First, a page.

5:00 P.M. EST April 20, 2010 | STAMFORD, Conn. (UMNS)
Both Thomas Kemper, left, and Bishop Bruce Ough stress that missionaries
will continue to play a vital role in the work of the United Methodist
Board of Global Ministries. UMNS photos by Cassandra Zamphin.
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Global mission is about to become more local.
Officials at the United Methodist Board of Global Ministries are
signaling a “cultural shift” in how the denomination does mission.
Instead of acting as an implementer of mission for the denomination,
the agency must be “a resource to those individuals, churches,
conferences and institutions already in mission,” Ohio West Area Bishop
Bruce Ough, board president, told directors during the April 12-14
Building a capacity for mission among all parts of the connection
should be the standard for all the board’s activities. “I think we
could begin by strengthening our partnerships with annual (regional)
conferences and devoting significantly more staff time to helping
conferences build their capacity to be in global mission,” he said.
Part of that effort would mean strengthening ties to the largest
congregations by attendance. Staff representing two of those churches,
along with a conference mission leader, were part of a discussion on
ministry with the poor.
Jonathan Bell, director of mission ministries for the United
Methodist Church of the Resurrection in Leawood, Kan., said his and
other large congregations believe “the best days of The United
Methodist Church are still ahead of us.”
A year ago, he said, he was the host of a meeting of mission
directors from many of the large churches to see how they could work
more collaboratively. The group challenged itself to nurture 300 new
young clergy and create new faith communities.
Now, they would like a similar relationship with denominational
leadership. “It would be great if we could cooperate more, but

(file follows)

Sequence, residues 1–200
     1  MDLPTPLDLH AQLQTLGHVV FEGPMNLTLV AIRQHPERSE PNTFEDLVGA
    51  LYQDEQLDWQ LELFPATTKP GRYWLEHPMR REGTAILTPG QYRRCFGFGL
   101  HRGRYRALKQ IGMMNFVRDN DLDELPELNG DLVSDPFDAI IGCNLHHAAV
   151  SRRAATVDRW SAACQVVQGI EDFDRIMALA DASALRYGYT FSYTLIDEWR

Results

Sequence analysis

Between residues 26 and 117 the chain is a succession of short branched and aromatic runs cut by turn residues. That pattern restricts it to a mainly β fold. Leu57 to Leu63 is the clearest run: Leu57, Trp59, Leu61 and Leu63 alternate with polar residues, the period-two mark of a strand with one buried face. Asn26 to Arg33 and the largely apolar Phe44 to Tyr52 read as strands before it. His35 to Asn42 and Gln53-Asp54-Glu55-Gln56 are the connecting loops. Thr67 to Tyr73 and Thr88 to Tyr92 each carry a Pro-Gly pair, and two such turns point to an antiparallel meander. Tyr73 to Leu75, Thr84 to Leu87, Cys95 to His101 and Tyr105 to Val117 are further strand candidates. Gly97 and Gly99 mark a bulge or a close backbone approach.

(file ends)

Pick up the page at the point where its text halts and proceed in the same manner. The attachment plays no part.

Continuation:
collaboration would be better,” he said.
Lynette Fields, executive director of servant ministries at St.
Luke’s United Methodist Church in Orlando, Fla., pointed out that large
churches are “very entrepreneurial” and, because of the breadth and
depth of their congregations, “often filled with resources that our
denominational agencies may not have.”
Alternative funding sources needed
One of the dwindling resources for agencies is churchwide funding, a
fact that Thomas Kemper, the board’s new top executive, acknowledged
as he and others cited the need for alternative sources of funding for
Collaboration – with groups ranging from conferences and
congregations to schools, hospitals and ethnic, racial, geographic and
social networks – is necessary for the denomination’s future success,
“We need to become expert in facilitation, passionate for
partnership and open to the mission visions of our partners,” Kemper
The German church mission board, which Kemper led before coming to
the New York-based Board of Global Ministries, successfully used a
“roundtable” model that brought together all those in a particular
conference or country to share information, set priorities and strive
for transparency and accountability, he said.
That model is being used this week as the Methodist Church in Haiti
convenes a meeting of its partners, including United Methodists,
involved in earthquake relief and recovery.
Both Ough and Kemper mentioned the possibility of establishing
regional mission offices and agreed that missionaries would continue to
play a vital role in the agency’s work. While the patterns of
missionary service differ in the 21st century from the 19th and 20th
centuries, “the need for the church to self-consciously send and
receive missionaries” has not changed, Kemper said.
The Board of Global Ministries currently has some 220 full-service
missionaries in 60 countries, plus about 100 in the United States.
*Bloom is a United Methodist News Service news writer based in New
News media contact: Linda Bloom, New York, (646) 369-3759 or